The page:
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1 August 1991 Teleoperator performance with virtual window display
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Proceedings Volume 1457, Stereoscopic Displays and Applications II; (1991)
Event: Electronic Imaging '91, 1991, San Jose, CA, United States
The virtual window display is a hybrid of the head-coupled, helmet-mounted display and the fixed CRT mounted on a tabletop. Moving the CRTs from the operator''s head retains the benefits of motion parallax while providing higher quality color images, greater comfort and fewer restrictions on the operator''s view of the control site. A prototype virtual window display was constructed with direct mechanical linkage to servo camera movements to the operator''s head motions. This apparatus was used to compare remote performance with and without motion parallax, paired with either stereoscopic or monoscopic views. Mean stereoacuity and depth scaling responses for six observers of a Howard-Dolman apparatus showed improved performance when motion parallax accompanied monoscopic, but not stereoscopic view. Mean performance times for six observers retrieving objects from a wire maze show similar, though not significant, improvement when motion parallax accompanies monoscopic view. Observers report that manipulator requirements for hand steadiness reduce the opportunity to get depth information from head movements. The use of motion parallax information in a monoscopic virtual window display can improve teleoperator performance.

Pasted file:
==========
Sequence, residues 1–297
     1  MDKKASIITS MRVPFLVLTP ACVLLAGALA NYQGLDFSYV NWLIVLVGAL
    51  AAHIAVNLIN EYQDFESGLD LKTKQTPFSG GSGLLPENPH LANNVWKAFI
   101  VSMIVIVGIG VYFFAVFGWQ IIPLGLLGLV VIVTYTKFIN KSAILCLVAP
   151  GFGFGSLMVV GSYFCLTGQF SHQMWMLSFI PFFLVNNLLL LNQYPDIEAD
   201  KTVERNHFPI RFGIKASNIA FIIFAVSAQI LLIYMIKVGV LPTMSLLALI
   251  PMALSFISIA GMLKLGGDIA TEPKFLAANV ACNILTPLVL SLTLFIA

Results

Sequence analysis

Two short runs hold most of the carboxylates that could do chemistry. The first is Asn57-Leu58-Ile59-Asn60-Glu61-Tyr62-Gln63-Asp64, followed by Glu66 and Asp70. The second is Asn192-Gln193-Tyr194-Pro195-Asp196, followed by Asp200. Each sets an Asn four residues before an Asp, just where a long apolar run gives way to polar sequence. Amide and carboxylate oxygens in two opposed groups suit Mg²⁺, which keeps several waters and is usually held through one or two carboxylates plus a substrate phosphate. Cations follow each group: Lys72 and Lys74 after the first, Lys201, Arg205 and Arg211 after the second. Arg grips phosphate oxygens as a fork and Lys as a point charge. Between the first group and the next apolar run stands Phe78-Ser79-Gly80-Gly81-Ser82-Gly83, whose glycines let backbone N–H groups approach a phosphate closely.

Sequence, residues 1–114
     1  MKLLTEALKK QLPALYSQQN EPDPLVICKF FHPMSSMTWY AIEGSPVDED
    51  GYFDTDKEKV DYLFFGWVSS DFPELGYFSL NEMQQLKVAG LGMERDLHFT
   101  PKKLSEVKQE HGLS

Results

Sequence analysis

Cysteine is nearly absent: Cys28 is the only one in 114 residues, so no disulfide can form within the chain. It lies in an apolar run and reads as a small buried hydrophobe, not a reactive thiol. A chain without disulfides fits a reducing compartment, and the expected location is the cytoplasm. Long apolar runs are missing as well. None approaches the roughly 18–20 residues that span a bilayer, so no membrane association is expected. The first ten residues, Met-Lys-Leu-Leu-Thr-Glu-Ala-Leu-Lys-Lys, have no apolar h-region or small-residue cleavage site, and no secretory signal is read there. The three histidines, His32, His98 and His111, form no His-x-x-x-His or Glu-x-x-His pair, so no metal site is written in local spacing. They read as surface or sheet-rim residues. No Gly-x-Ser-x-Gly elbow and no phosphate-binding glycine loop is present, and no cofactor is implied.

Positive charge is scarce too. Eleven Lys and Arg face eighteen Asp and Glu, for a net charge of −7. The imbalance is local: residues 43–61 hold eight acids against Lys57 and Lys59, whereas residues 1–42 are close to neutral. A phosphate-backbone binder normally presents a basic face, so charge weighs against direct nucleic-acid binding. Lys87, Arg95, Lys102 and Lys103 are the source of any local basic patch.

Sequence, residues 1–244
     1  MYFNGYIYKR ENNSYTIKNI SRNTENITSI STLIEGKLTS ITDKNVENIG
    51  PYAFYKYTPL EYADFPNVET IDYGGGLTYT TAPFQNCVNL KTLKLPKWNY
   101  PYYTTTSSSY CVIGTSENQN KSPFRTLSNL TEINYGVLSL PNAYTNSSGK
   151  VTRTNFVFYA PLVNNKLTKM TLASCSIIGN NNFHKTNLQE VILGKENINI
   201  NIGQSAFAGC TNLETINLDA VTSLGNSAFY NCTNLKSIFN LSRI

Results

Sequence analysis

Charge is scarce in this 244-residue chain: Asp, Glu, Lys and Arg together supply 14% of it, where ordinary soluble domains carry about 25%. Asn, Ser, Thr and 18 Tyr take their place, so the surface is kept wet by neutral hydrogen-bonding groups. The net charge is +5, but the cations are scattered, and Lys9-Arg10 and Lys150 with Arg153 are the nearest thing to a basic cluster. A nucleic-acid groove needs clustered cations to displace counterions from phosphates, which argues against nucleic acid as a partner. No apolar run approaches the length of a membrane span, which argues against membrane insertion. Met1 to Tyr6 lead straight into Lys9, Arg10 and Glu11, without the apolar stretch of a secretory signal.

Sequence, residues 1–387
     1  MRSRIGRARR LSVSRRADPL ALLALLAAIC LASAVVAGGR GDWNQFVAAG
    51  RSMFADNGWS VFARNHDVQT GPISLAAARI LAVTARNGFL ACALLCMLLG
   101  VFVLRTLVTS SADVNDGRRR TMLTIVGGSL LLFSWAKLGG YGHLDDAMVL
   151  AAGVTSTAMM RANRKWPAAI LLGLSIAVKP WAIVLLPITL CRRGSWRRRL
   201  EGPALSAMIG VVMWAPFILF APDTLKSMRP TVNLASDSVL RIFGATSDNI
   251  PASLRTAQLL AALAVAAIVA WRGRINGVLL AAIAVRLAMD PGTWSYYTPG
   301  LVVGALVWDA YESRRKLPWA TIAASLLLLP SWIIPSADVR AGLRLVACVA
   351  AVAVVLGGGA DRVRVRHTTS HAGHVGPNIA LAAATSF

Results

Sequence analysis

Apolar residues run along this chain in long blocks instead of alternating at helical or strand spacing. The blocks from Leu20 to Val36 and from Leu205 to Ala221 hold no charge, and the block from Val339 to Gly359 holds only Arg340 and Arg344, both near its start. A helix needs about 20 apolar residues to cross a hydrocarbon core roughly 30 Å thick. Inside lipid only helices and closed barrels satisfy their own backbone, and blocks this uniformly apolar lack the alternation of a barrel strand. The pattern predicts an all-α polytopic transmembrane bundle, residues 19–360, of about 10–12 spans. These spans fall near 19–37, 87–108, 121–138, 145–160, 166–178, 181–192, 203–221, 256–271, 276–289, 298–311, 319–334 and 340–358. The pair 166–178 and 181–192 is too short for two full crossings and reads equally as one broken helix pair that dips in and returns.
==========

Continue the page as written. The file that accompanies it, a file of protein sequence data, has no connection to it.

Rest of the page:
© (1991) COPYRIGHT Society of Photo-Optical Instrumentation Engineers (SPIE). Downloading of the abstract is permitted for personal use only.
Robert E. Cole, John O. Merritt, Richard Coleman, and Curtis S. Ikehara "Teleoperator performance with virtual window display", Proc. SPIE 1457, Stereoscopic Displays and Applications II, (1 August 1991);


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